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Big Bay Point Lighthouse Bed-and-Breakfast (Big Bay Point Lighthouse)
The Big Bay Point Lighthouse sturdily stands on a rocky point that projects from the south shore of Lake Superior halfway between Marquette and Keweenaw Bay. A harborage with certain winds is on either side of the point and here ships changed their course. In 1892 the Lighthouse Board recommended the establishment of a light station at Big Bay Point: “[The point] occupies a position midway between Granite Island and Huron Island, the distance in each case being 15 to 18 miles. These two lights are invisible from each other and the intervening stretch is unlighted. A light and fog signal would be a protection to steamers engaged in passing between these points. They include all the Lake Superior passenger steamers running between Duluth, Buffalo, and Chicago which carry freight and stop between all the important points on the south side of Lake Superior, including Marquette and the copper ports on Portage Lake. Quite a number of vessels have in past years been wrecked on Big Bay Point.” The U.S. Congress authorized the establishment of a light station at the point on February 15, 1893.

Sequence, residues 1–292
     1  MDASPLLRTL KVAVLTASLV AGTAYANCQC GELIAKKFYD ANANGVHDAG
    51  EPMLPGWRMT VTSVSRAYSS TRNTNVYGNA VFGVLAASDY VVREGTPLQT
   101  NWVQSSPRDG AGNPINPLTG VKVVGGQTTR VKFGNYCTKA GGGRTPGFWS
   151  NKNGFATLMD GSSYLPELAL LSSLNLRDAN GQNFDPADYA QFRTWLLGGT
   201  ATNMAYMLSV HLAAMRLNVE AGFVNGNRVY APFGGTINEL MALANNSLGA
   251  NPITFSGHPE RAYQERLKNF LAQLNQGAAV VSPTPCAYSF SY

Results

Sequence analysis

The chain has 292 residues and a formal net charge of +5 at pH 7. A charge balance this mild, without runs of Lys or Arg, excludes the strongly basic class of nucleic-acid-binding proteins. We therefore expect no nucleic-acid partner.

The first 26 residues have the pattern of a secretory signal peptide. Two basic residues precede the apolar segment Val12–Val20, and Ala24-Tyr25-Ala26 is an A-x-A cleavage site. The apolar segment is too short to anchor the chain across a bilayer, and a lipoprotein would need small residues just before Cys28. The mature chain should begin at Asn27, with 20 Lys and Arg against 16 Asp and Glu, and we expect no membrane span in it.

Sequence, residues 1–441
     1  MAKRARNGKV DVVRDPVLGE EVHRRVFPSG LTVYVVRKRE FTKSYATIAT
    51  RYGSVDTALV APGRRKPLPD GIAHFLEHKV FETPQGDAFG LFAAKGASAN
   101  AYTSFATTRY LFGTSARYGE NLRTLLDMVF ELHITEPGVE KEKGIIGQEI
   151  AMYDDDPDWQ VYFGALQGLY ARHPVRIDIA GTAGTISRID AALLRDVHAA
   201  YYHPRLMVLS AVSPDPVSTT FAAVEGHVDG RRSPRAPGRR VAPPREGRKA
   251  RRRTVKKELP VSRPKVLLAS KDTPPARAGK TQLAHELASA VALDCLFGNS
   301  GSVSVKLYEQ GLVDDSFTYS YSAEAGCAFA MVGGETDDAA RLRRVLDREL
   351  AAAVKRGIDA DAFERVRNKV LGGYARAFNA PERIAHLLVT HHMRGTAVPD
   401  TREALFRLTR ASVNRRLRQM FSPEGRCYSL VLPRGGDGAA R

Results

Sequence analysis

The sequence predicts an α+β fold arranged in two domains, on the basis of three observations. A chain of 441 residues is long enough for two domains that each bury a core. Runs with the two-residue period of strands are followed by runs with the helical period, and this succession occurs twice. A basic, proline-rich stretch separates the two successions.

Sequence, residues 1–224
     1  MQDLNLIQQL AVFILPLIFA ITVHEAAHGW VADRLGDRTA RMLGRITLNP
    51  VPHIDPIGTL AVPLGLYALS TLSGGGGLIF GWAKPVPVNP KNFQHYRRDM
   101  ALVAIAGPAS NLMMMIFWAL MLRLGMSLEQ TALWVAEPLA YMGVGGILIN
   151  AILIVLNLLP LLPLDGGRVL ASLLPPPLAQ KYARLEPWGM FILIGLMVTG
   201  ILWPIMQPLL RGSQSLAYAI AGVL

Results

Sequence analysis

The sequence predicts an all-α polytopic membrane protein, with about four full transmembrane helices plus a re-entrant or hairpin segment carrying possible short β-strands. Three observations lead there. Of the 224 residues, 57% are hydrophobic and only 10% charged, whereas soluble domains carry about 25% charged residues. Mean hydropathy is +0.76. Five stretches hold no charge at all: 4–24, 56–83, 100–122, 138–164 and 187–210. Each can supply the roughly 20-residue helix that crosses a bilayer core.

A square tower rises from the center of the boxy rectangular keepers' double dwelling to support the round steel watch room and lantern, which was automated in 1941. The structure is clad with smooth red brick trimmed with brown sandstone quoins, stringcourses, and lintels. Nearby is a fog signal station of brick.
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